Criminal Grades? Contract cheating and student exploitation in Higher Education

Published: June 2022

Recent reports in the UK media highlight that students in higher education are increasingly outsourcing their assignments to third-party service providers (Newton 2018). In academic discourses, the submission of assignments completed by a third-party, whether a friend, family member, or a commercial enterprise, is often referred to as ‘contract cheating’. Whilst commentators, both in academia and beyond, have referred to contract cheating as reaching “epidemic” proportions (Turner 2017), there is currently little empirical evidence to substantiate such assertions (Lancaster and Clarke 2016; Newton 2018)

Responding to student vulnerability, contract cheating, and more widely, academic misconduct, requires a holistic approach. These are highly complex issues spanning a spectrum of poor academic practices to intentional attempts to procure bespoke assignments and submit them for academic credits (Thomas and Scott 2016). This research is concerned with examining some of these complexities in relation to higher education in Scotland, and more broadly, the trends and processes related to student vulnerability, misconduct, and contract cheating.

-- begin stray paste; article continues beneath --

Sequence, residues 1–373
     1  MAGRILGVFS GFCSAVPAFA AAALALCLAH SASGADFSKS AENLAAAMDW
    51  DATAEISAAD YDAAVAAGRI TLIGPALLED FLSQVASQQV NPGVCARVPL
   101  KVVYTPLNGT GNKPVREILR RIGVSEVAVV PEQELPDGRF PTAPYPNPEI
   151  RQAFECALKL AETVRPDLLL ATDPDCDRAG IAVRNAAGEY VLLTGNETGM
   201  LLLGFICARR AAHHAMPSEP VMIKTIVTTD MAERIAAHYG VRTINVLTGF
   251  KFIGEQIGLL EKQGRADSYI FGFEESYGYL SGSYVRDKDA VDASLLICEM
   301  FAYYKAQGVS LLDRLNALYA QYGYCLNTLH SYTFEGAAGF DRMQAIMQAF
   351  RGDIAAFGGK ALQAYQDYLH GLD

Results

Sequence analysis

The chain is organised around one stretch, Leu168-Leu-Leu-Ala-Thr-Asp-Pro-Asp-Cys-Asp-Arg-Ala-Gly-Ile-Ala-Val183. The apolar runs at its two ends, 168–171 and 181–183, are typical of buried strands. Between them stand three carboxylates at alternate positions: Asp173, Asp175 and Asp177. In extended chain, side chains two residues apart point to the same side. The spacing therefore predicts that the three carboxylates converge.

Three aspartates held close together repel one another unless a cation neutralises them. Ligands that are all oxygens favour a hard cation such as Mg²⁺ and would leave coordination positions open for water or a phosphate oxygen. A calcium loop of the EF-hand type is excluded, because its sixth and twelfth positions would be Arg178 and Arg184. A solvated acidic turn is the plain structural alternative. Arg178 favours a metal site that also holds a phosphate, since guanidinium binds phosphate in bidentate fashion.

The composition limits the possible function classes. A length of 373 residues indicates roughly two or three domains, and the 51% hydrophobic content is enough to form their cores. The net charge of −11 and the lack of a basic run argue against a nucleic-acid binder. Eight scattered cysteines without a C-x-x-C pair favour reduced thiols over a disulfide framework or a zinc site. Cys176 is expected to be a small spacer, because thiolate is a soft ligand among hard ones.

In particular, the aims of this scoping study are to:

  1. Understand the motivations for using, and
    experiences of, contract cheating in the context of
    higher education.
  2. Understand the relationship between the contract
    cheating market and the emergence of explicitly
    illegal forms of exploitation against students.
  3. To scope out possible indicators and attributes of
    more exploitative and high-risk provision in the essay
    mills market.
  4. Understand how the harms to students caused by
    criminality within a contract cheating context can
    be reduced, and how more widely the presence
    of criminality in contract cheating markets can be
    leveraged to undermine the continued operation of
    these markets.

A Briefing Paper has also been prepared in relation to this research report. 

Authors / Editors

Richard Kjellgren

University of Stirling

Dr Niall Hamilton-Smith

University of Stirling

Professor Alistair Fraser

University of Glasgow

Research Themes

Evidence, Statistics and Trends

Crimes of the Powerful: organised, white collar and state crime